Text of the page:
Red Hat published better-than-expected third quarter earnings after the bell on Thursday.
The software company reported a net income of $48 million, or 26 cents per share (statement).
Non-GAAP earnings were 42 cents per share on a revenue of $456 million, up 15 percent year-over-year.
Wall Street was expecting earnings of at least 40 cents per share with $451.39 million in revenue.
Red Hat's subscription revenue also climbed by 15 percent annually to $395 million for the three-month period.
Red Hat CFO Charlie Peters touted in the report that the Raleigh, N.C.-headquartered business has achieved sequential revenue growth every quarter for the last 51 straight quarters.
"The sales performance this quarter with large deals was exceptional, setting new records in number of deals over $5 million in a quarter and deals over $10 million in a Q3," wrote Peters. "We believe the growing number and size of large deals reflects the increasingly strategic relationship that Red Hat is building with customers, in addition to customer demand for our broadening product portfolio."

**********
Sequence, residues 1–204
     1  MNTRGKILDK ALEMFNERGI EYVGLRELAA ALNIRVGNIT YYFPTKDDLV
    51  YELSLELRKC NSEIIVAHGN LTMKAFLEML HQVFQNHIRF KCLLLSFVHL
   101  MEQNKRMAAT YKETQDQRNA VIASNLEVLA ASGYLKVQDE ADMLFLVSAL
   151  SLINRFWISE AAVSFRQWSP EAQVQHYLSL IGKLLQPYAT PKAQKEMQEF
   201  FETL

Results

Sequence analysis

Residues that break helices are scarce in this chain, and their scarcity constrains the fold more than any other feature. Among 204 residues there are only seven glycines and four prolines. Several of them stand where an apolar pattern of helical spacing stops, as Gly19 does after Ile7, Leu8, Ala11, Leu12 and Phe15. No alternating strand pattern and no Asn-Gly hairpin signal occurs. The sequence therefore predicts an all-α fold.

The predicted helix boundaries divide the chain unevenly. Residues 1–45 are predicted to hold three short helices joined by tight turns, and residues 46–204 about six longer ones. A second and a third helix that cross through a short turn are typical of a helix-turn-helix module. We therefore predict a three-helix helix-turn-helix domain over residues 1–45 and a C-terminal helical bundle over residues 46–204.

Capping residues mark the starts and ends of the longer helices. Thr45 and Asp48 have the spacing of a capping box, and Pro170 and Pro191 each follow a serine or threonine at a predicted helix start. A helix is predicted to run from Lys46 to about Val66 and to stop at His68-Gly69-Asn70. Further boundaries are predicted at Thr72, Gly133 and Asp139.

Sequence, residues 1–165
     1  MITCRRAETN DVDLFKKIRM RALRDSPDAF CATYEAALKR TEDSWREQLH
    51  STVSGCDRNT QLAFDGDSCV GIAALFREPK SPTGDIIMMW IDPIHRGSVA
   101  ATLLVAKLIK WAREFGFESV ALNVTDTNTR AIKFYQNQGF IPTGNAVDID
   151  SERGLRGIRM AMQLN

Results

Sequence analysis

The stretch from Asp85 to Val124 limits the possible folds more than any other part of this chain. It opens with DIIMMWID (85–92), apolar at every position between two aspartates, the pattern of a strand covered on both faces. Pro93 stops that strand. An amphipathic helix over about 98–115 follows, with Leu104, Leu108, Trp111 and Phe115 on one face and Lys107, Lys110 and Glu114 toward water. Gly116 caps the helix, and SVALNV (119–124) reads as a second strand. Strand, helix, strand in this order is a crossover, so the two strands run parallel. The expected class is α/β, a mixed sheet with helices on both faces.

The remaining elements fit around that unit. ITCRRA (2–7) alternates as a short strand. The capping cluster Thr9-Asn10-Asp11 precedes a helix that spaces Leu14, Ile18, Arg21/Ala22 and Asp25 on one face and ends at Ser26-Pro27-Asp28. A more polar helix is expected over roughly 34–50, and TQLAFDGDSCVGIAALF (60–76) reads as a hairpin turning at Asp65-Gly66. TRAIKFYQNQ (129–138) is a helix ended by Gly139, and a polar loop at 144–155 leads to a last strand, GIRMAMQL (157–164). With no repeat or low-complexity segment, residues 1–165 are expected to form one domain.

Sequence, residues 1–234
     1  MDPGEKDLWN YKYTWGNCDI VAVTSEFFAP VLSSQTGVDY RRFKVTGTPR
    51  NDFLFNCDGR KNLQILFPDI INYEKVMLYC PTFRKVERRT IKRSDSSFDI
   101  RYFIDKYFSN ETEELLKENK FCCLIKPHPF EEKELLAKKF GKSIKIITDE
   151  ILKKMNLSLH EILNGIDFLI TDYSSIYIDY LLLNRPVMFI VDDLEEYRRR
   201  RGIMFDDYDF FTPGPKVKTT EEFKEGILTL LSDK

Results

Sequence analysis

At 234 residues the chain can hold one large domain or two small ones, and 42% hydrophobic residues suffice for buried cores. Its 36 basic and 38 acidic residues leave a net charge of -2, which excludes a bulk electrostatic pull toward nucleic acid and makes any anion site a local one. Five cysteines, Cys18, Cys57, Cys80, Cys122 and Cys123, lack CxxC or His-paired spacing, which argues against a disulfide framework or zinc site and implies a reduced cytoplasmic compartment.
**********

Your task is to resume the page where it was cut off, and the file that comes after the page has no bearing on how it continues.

Red Hat president and CEO Jim Whitehurst attributed the "eleventh straight quarter of mid-to-high teens revenue growth" to its current customer strategy, which he tied to investment in the cloud and big data trends.
"We believe our leadership position in the open source industry and broad portfolio of Open Hybrid Cloud technologies creates a strong position for Red Hat to capture market share in the cloud-enabled data center," boasted Whitehurst.
Earlier this week, Red Hat announced the launch of its Enterprise Virtualization for IBM's Power Systems, leading some analysts to suggest whether or not enterprises ought to consider if x86-based solutions are the only game in town.
That news trailed a slew of updates around Linux and hardware architecture support for IBM Power Systems.
For the current quarter, Wall Street expects Red Hat to return with earnings around 41 cents per share on top of revenue nearing $459.39 million.